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Tag Archives: performing artists
by Colin Dabkowski
Saunders conjured 10 imaginary readers, and assumed for the sake of argument that three or four of them were already hooked on his work. Two of them, he reasoned, were lost causes that would never come around to it.
But, he continued, “If there’s something in my work that’s making numbers five, six and seven turn off to it, I’d like to figure out what that is. I can’t change who I am and what I do, but maybe there’s a way to reach those good and dedicated readers that the first few books might not have appealed to. I’d like to make a basket big enough that it included them.”
Saunders, a thoughtful and gifted fiction writer, has yet to be disabused of his populist notions about literature. Thankfully for literature.
His idea – that an artist is never finished building an audience, never through striving to extend his reach to include a slightly bigger swath of humanity with each new effort – ought to be a lesson for every curator, artistic director or film festival programmer. For those struggling to strike a balance between publicly supplied revenue and artistic quality, Saunders’ words are a reminder to send out more invitations.
Saunders’ thought experiment isn’t good blanket advice for artists, who should be free to create work without even thinking about an audience if they so desire. But it’s great advice for those of us charged with building pathways to that art or uncovering its meaning.
Saunders’ idea – to try harder – sounds remarkably simple, and it is. But its repetition is necessary in a cultural landscape densely populated by those who hold the opposing view. Take, for instance, a blurb in a recent issue of the New Yorker by dance critic Joan Acocella of a Philadelphia Art Museum exhibition about Marcel Duchamp and his American followers.
“Duchamp’s nude descended a staircase a hundred years ago. [John] Cage sat down and didn’t play ‘4’33’ sixty years ago. [Merce] Cunningham stuck his foot into [Jasper] John’s ‘Numbers’ fifty years ago,” she wrote, ticking off some of the landmark moments in modernist art, music and dance of the 20th century. “Most of the public is never going to like such things. Most of the public doesn’t like modernism. Let it be.”
The idea of giving up, of allowing the audience for Duchamp or any other living or dead artist to remain a tiny, circumscribed elite is antithetical not only to the goal of public museums and of criticism, but to the work of many of those artists. And yet it persists, born of a notion of artistic elitism rooted in a distant era.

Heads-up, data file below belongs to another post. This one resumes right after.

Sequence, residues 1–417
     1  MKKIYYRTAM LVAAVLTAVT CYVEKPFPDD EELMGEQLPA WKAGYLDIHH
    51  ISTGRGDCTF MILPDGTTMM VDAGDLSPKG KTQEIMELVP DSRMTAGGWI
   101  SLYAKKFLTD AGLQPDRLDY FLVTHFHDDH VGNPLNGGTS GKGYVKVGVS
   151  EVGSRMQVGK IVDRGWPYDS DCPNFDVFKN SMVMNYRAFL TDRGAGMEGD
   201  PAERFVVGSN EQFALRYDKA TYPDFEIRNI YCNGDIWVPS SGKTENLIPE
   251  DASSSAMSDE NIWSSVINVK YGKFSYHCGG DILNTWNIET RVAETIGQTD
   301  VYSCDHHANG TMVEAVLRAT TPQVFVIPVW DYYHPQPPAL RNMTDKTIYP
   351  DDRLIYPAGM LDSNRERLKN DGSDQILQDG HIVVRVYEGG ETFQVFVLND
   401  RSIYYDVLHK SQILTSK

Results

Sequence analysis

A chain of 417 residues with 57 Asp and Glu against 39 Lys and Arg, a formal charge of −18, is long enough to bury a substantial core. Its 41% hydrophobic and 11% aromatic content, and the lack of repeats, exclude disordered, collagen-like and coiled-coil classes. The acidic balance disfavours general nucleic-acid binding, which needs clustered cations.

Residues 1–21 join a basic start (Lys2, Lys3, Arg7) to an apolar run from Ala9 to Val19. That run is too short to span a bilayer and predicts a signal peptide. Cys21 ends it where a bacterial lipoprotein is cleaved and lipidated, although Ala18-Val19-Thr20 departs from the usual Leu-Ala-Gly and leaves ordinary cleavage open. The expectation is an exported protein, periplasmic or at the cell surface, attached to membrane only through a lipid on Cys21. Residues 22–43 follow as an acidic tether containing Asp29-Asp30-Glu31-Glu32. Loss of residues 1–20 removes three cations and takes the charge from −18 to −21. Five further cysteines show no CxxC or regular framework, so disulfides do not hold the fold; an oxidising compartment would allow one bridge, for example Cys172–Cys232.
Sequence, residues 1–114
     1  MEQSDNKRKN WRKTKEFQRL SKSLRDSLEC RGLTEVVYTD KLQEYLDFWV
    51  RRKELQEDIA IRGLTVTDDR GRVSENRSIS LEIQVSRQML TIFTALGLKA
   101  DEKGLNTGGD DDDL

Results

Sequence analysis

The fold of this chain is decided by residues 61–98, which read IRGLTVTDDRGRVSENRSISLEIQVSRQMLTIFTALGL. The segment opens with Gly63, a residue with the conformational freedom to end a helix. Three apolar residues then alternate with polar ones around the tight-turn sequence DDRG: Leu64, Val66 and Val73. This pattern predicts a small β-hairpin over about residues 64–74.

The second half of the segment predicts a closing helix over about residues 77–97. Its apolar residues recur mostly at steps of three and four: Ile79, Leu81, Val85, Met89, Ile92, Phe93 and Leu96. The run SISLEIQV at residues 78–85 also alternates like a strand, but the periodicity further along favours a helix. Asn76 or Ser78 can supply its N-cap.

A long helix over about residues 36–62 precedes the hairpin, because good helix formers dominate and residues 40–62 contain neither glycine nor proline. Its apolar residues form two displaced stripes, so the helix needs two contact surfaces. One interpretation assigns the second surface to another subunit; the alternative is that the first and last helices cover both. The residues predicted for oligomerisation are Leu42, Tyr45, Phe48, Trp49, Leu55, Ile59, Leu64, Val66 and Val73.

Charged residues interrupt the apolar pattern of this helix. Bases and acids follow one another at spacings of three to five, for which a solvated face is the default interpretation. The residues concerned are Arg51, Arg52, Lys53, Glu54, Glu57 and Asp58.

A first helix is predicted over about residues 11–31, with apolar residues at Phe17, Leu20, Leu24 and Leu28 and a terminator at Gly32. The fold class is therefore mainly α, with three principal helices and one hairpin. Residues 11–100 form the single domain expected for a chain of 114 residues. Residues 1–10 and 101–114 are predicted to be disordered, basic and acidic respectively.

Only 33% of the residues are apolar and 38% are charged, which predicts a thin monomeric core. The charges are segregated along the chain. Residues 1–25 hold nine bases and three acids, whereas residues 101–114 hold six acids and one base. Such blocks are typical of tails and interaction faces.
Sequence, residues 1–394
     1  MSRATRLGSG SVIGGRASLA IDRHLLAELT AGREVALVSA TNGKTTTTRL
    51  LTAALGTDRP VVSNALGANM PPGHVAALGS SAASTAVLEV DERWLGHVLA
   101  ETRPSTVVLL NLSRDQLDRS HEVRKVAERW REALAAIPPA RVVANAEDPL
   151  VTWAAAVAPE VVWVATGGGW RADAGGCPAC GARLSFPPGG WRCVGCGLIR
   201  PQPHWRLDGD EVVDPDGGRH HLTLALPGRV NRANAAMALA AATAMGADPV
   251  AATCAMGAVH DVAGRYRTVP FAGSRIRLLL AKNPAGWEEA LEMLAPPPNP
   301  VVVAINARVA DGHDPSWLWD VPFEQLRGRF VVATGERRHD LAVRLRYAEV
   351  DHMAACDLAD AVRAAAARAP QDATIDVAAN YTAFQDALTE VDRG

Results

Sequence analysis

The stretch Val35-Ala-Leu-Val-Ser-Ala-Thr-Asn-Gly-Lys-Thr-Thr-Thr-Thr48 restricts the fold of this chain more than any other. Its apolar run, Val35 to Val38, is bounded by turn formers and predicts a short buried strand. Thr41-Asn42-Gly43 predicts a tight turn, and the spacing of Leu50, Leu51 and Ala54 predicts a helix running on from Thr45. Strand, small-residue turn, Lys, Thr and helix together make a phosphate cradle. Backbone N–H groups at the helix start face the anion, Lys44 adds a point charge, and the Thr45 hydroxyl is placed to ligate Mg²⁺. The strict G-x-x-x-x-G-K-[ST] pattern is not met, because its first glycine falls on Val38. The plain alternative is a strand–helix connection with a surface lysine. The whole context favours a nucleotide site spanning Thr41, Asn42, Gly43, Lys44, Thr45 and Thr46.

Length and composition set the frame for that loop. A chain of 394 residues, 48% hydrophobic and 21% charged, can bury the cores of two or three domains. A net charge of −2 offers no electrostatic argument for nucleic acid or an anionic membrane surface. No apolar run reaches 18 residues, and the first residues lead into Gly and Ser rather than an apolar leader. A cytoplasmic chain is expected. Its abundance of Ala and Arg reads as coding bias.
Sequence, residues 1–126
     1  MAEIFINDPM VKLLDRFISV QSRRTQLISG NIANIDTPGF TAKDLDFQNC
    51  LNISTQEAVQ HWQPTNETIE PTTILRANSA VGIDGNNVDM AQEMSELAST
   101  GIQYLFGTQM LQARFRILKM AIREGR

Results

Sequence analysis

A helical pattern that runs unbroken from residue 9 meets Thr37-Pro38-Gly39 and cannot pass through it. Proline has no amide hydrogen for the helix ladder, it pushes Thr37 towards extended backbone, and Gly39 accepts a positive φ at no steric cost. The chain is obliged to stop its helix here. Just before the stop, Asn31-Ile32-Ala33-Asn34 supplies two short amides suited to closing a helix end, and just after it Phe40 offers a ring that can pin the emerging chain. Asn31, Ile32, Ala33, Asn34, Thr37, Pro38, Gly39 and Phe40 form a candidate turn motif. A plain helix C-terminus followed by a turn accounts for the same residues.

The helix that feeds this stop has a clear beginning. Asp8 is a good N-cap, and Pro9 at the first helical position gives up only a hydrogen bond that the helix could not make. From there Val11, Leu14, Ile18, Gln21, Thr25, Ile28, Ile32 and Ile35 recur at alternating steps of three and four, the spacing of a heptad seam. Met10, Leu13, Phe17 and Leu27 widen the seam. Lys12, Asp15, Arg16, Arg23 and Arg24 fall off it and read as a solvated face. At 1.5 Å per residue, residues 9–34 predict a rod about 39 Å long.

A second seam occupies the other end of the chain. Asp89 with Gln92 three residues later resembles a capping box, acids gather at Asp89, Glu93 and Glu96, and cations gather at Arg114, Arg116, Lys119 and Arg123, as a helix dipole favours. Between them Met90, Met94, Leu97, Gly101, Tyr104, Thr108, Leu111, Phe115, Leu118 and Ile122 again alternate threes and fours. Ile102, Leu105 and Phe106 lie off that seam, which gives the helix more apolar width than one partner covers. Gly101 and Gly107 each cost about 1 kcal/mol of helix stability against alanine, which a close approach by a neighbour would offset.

The mention of concerted audience-building is met with cynicism or viewed wrongly as a de facto assault on artistic quality.
But we can never merely “let it be.” We must, as Saunders’ so wisely suggested, cast an ever-wider net.
Colin Dabkowski writes for the Buffalo News
By Daniel Lehman
Does an ability to “get into character” and portray other people help actors resolve their own internal conflicts offstage? Or will the pursuit of a career that values emotional vulnerability, but at the same time involves frequent rejection, inevitably lead to poor mental health and instability?
Dr. Paula Thomson and Dr. S. Victoria Jaque of California State University, Northridge, endeavored to answer these questions in “Holding a Mirror Up to Nature: Psychological Vulnerability in Actors,” a study published this month in Psychology of Aesthetics, Creativity, and the Arts. Over the course of several years, the researchers surveyed a sample of 41 professional actors in Los Angeles; Toronto, Ontario; and Cape Town, South Africa. The actors’ answers were compared with those of a control group of 41 non-actors.
“This study demonstrated that the actor group had greater fantasy proneness and a greater distribution of psychological security as compared with the nonartist control group,” Thomson and Jaque write. “Despite no group differences in type and frequency of trauma and loss, the actor group had more unresolved mourning and elevated dissociation.”
All of the actors surveyed had at least three years of conservatory training, all of which Thomson said was rooted in Stanislavsky’s method. They also had the common link of at least a few months of experience creating and performing “testimonial theater,” an autobiographical medium that is used most often to heal individuals and communities that have undergone major trauma. Subjects were evaluated through a 60- to 90-minute interview session.
“I think in performing artists, there’s an incredible tolerance to accept emotional abuse from people,” Thomson told Back Stage. A former dancer, she is fascinated with the psychology of actors and performing artists. “I was very struck by how aware they were about people’s emotions and how sensitive they were,” she said, “and then how unpredictable they could be.”
Thomson and Jaque speculated that experience embodying different characters in order to act out dramatized conflicts would indirectly give actors greater resolution for their own past experiences. Yet the researchers found that while actors tend to be more emotionally self-aware and secure, they are no better at getting over unresolved trauma or loss than their counterparts in the control group. In fact, the actor group was more likely to respond with confusion, silence, or halting speech when asked about past traumatic events, and they displayed “greater vulnerability for psychological distress.”
Thomson and Jaque could not determine whether an actor’s career choice was determined by his or her mental state or vice versa. The researchers are analyzing the results of a related physiological study — in which actors wore what they call a “life shirt” during interviews, stress tests, and rehearsals and onstage performances — to evaluate whether their physiology shows the same vulnerability as their psychology.
Daniel Lehman writes for Backstage